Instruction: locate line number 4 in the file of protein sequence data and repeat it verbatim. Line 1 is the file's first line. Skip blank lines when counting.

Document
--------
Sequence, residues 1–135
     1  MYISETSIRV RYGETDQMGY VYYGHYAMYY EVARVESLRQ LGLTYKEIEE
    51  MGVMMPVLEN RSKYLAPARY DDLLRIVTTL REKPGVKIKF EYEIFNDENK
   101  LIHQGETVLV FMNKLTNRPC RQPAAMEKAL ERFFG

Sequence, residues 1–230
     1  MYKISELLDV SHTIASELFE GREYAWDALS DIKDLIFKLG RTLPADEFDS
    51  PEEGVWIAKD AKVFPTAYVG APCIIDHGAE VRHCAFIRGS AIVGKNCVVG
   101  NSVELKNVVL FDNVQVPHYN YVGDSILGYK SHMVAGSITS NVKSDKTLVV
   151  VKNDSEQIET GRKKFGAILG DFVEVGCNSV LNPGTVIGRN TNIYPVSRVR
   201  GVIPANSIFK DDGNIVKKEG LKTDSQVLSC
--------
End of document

   101  LIHQGETVLV FMNKLTNRPC RQPAAMEKAL ERFFG